Often it is the simple idea well executed that has the greatest impact on us. Case in point: Here I am at 35,000 feet, typing this blog post via American Airlines Wi-Fi service. It’s a simple idea: Mount a wireless antennae and Wi-Fi base station to every plane in the fleet, contract with an outsourced service provider, and presto, you have a convenient, easy to use service that customers like me and the man next to me in 19B are willing to shell out $10 per flight to use. It works well and is reasonably priced for me to buy myself a few hours of productivity while my neighbor gets to catch up on the replay of the Blackhawks game. In fact, he and I are so bought in to the offering that we had our laptops and our credit cards out waiting for them to turn it on at 10,000 feet.
When I look at the potential for communication to fundamentally change how we live and work, the same concepts apply. Simple ideas, executed well, tend to prevail over those that are complex, frustrating and expensive. In video communication we’ve made great strides in the last five years. High Definition video over IP networks have become easier to use, the quality is compelling, and the price points are more attractive than ever before. Market awareness of video communication is at an all time high thanks to TV and movie use of consumer video chat services, advertising, and increasing adoption of HD video conferencing in businesses, schools, governments and in healthcare. But we still have a long way to go. We need to enable communication across distances that is affordable and accessible to everyone, even easier to use and manage, and where the quality of experience, to paraphrase Arthur C. Clarke, “is indistinguishable from magic.”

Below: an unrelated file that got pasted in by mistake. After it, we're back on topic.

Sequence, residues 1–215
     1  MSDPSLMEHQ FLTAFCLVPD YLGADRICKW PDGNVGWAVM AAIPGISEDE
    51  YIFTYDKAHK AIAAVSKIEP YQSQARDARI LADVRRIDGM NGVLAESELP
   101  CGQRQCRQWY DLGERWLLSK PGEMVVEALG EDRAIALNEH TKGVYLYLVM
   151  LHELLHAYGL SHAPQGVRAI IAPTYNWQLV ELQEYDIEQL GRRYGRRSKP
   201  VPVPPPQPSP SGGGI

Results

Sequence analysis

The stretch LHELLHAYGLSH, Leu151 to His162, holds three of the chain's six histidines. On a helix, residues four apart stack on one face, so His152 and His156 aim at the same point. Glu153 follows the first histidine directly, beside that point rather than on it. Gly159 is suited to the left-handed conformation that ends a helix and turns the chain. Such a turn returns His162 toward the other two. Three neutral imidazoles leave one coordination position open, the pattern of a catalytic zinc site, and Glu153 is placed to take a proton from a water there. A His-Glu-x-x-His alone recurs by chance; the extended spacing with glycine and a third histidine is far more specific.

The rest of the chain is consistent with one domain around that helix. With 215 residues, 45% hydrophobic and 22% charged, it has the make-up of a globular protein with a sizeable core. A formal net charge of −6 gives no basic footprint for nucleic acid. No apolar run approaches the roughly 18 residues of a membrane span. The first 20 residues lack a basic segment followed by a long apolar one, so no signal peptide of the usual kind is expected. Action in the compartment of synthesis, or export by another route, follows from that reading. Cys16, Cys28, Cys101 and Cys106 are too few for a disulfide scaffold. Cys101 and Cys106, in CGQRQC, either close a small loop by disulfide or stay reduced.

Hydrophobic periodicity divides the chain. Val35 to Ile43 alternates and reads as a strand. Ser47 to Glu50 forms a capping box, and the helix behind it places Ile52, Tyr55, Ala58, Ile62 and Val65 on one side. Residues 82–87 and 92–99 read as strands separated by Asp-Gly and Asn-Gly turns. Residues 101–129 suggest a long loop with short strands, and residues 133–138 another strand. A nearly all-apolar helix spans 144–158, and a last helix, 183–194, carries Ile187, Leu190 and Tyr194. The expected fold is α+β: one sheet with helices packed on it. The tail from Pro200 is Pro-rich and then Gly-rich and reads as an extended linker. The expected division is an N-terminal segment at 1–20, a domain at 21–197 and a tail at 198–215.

At LifeSize, that’s our mission. You’ll see us make major strides forward in the coming months. How will we know when we’re succeeding? When anyone, anywhere can communicate in HD as easily as making a phone call. And when each of us spends more time achieving our goals where we want to be instead of working on Wi-Fi at 35,000 feet next to someone watching the Blackhawks game.